Forgive U.S. weightlifting coach Roger Nielsen if his mind isn't totally focused on the competition when he steps off the plane in Barcelona. Nielsen, you see, is also a 20-year veteran of the FBI who has specialized in counterterrorism for most of his law-enforcement career. "Although nothing has happened recently," he says, "I keep my eyes open whenever I travel overseas."
How can one man lift two such heavy responsibilities? "It is a constant juggling act," says the 44-year-old Nielsen, who trains lifters at Sayre Park Gym in Chicago. "I've been lucky that the FBI has been very helpful and very flexible with my schedule."
When he's not coaching the American weightlifters, an unpaid position he has held for three years, Nielsen teaches FBI agents in Chicago the finer points of physical fitness, survival training, firearms, self-defense and SWAT-like tactics. His lessons are taught from experience.
"There were some pretty hairy situations," says Nielsen of his days in the field. "I was working on domestic terrorism, tracking fugitives and escaped convicts. We had one operation where we rendered some devices harmless. [Here he chuckles at the recollection.] There were bombs that we intercepted and defused, making arrests before anything happened."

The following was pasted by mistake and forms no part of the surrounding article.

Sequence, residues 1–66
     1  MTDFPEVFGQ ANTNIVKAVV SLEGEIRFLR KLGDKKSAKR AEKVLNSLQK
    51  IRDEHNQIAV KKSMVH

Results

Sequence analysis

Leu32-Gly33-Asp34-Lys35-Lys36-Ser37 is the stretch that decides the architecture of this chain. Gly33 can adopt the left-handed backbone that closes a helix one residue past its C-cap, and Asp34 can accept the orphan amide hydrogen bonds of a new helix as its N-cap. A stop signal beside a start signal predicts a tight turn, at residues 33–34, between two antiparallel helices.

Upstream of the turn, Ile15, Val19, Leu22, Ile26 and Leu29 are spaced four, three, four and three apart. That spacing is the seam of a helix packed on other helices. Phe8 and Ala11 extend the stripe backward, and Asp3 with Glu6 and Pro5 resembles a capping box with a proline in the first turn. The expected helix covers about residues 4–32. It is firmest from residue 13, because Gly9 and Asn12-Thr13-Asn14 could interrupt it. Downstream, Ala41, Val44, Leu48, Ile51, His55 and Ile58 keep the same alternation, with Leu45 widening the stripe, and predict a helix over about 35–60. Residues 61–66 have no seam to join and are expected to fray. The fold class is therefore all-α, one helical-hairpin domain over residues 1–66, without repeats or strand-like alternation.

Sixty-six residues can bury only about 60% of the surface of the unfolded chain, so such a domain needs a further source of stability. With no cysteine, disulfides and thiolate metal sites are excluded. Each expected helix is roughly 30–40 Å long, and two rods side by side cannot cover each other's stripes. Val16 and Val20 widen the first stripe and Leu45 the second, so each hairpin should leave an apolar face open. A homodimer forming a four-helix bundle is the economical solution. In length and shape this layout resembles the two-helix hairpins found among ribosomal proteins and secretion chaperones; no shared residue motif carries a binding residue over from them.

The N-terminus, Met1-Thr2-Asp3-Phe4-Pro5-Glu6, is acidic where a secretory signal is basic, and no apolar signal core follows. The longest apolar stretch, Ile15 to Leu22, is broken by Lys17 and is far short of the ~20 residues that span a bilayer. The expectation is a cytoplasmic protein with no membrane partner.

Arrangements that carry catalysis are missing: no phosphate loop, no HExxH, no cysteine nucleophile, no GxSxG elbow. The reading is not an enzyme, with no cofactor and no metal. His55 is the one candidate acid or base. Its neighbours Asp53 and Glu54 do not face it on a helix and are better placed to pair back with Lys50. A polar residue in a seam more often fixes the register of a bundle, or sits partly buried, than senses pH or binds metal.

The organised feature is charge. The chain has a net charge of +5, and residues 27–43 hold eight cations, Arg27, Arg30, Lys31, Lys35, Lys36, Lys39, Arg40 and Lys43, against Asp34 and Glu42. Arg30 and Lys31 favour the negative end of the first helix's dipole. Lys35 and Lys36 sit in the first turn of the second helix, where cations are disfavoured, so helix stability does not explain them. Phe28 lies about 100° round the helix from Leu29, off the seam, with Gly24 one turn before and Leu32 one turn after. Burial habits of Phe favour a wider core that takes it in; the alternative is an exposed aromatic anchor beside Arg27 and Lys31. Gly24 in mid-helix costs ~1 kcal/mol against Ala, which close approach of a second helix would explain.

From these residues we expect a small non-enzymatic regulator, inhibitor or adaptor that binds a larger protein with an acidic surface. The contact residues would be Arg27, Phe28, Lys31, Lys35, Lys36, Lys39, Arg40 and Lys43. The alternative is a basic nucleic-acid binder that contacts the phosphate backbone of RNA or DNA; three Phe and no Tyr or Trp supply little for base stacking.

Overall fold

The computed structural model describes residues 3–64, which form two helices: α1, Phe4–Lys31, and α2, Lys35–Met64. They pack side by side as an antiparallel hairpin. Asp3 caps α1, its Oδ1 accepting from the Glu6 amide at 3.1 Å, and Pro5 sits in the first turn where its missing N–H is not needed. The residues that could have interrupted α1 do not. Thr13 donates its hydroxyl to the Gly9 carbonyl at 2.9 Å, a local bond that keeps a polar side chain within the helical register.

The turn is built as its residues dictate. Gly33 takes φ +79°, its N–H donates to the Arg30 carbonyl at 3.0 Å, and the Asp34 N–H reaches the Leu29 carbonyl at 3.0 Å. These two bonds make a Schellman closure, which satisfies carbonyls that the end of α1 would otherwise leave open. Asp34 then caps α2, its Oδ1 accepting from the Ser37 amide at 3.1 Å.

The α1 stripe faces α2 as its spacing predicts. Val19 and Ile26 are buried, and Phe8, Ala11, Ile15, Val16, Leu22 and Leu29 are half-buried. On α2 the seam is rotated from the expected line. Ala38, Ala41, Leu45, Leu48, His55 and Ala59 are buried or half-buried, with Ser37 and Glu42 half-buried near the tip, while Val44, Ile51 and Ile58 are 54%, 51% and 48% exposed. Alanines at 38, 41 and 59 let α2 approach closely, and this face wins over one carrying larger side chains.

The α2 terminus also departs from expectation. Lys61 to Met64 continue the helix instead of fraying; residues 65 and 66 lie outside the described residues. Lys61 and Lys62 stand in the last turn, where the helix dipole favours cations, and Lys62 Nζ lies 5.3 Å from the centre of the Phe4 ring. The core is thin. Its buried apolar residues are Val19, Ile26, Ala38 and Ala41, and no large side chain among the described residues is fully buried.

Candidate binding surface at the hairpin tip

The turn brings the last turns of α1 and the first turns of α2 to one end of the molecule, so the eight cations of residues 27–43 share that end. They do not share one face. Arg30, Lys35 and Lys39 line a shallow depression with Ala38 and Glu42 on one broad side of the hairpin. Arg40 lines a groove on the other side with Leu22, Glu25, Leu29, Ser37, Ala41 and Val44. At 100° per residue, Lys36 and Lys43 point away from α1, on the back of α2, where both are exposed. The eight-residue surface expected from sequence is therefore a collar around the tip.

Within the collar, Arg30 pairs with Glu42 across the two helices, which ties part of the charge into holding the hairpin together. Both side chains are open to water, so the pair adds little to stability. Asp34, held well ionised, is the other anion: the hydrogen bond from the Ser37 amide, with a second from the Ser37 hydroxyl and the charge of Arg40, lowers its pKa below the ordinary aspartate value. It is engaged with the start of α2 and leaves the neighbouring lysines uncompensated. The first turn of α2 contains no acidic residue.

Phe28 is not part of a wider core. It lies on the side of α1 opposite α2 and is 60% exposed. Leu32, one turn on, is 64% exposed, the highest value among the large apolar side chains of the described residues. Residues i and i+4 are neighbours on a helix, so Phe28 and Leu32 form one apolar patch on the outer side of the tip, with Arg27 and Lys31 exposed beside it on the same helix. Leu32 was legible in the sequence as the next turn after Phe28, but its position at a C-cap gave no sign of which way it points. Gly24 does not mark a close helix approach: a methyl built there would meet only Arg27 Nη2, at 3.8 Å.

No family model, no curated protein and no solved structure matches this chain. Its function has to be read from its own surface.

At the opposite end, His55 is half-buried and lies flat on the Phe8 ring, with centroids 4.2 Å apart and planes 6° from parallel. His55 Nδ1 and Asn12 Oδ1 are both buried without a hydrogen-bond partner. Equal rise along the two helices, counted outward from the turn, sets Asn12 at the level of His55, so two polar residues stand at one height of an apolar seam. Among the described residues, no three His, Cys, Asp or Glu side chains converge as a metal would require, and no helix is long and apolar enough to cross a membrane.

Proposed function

Nielsen and his weightlifters would like to defuse the favored Eastern Europeans in Barcelona, but they know that recent history is stacked against them—no U.S. lifter has placed higher than eighth in a major international meet in three years. Says Nielsen, "Based on the current international ranking list, we are fairly optimistic that we will move up a notch. I don't know if we'll win a medal or not, but we are improving."
Even if his charges come home empty-handed, this G-man doesn't think some Olympic success is untouchable.